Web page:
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Connacht finally get to hit big time in Heineken Cup



Date Published: {J}


CONNACHT take their historic first step into Heineken Cup rugby when they face familiar foes and English Premiership leaders Harlequins in the opening round of the prestigious competition at the Twickenham Stoop on Friday evening (8pm).

It is a massive night for the province and an even bigger test of their credentials, but Connacht coach Eric Elwood was in buoyant mood this week, stating that both the coaching staff and players were ready to embrace Heineken Cup rugby.

He readily admits, however, that he is under no illusions, acknowledging that if his side make the same mistakes as they made in recent Rabo league defeats, in particular to Cardiff and Ulster, then the punishment handed out by the top sides in Europe will be far more severe than anything they have experienced to date.

“So, we are under no illusions,” reiterates Elwood. “If you have a three minute 40 second slip up in the Rabo [as against Cardiff Blues], you are going to get punished. You don’t want to have the same slip up or lack of intensity any time because you are playing against out-and-out quality internationals and they are going to punish you.

“We know the quality of the teams we are playing against. We are playing Harlequins, who are top of the Premiership; we are playing against Toulouse, who are top of the French championship; and we are playing against Gloucester, who are fourth [in the English league] and have a proud tradition as a rugby team as well.

“So, it is important for us to realise that to be competitive we have to be at our best for the 80 minutes, maintain our concentration levels and maintain our intensity levels. That is what is required by any team playing in Europe. While this is our first time in the Heineken Cup, they are the challenges ahead of us. They are just the facts. We understand that it is going to be difficult.”

In many respects, under the present circumstances, the Westerners couldn’t have asked for a more tricky assignment. Yes, when these two sides last met in the Amlin Challenge Cup last December, Connacht gave as could as they got – losing their opener at the Stoop on a respectable scoreline of 20-9 before narrowly going down 9-15 at home in their subsequent meeting a week later – but the landscape for both clubs has changed much since.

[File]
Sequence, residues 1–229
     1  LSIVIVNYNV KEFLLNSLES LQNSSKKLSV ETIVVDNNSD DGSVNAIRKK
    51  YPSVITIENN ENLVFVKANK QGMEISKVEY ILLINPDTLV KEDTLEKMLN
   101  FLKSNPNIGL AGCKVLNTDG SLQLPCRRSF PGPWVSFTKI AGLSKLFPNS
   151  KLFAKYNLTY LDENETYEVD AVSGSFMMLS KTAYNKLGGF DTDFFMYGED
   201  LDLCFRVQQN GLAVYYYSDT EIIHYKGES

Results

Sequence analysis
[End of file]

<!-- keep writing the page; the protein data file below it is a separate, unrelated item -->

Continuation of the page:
For one, Connacht have lost a number of the key figures from 12 months ago, including the influential quartet of Sean Cronin, Jamie Hagan, Fionn Carr and Ian Keatley, all of whom, you could argue, have not been adequately replaced. Furthermore,Andrew Browne and Keith Matthews are long-term injuries; Johnny O’Connor is out for four weeks with a calf injury; and Michael Swift sustained ligament damage to his knee against Ulster last Saturday evening.

Secondly, Harlequins – who won the Amlin Challenge Cup with a dramatic final victory over Stade Francais in May – have carried this momentum into their current campaign and boast 10 wins out of 10 games in all competitions this season. Eight of those have been secured in the Premiership to leave them four points ahead of chasers Saracens and 14 points clear of third placed London Irish.

Given that Connacht are coming off a four-game losing streak in the RaboDirect, Elwood’s charges will have to dig deeper than they ever have before if they are to harness the intensity levels required for their debut game in the Heineken Cup. The coach agrees but says one characteristic Connacht players have never fallen down on in his time is heart and commitment.

“That is one thing you can always remark about a Connacht player, and for all the years I have been here that has been a trait of ours and this bunch of players is no different. They have always boxed above their weight. They don’t want for effort and commitment, but, unfortunately, just sometimes there is a lapse in concentration levels or some of the younger guys might make an error.

“Those things are going to happen and it is how we deal with it which is important. However, as regards digging deep, I would never, ever question a guy in a Connacht jersey about that type of commitment in the time I have been here. That is never in doubt as far as I am concerned.”

For more, read this week’s Galway City Tribune.

Galway in Days Gone By

The way we were – Protecting archives of our past



A photo of Galway city centre from the county council's archives

People’s living conditions less than 100 years ago were frightening. We have come a long way. We talk about water charges today, but back then the local District Councils were erecting pumps for local communities and the lovely town of Mountbellew, according to Council minutes, had open sewers,” says Galway County Council archivist Patria McWalter.

Patria believes we “need to take pride in our history, and we should take the same pride in our historical records as we do in our built heritage”. When you see the wealth of material in her care, this belief makes sense.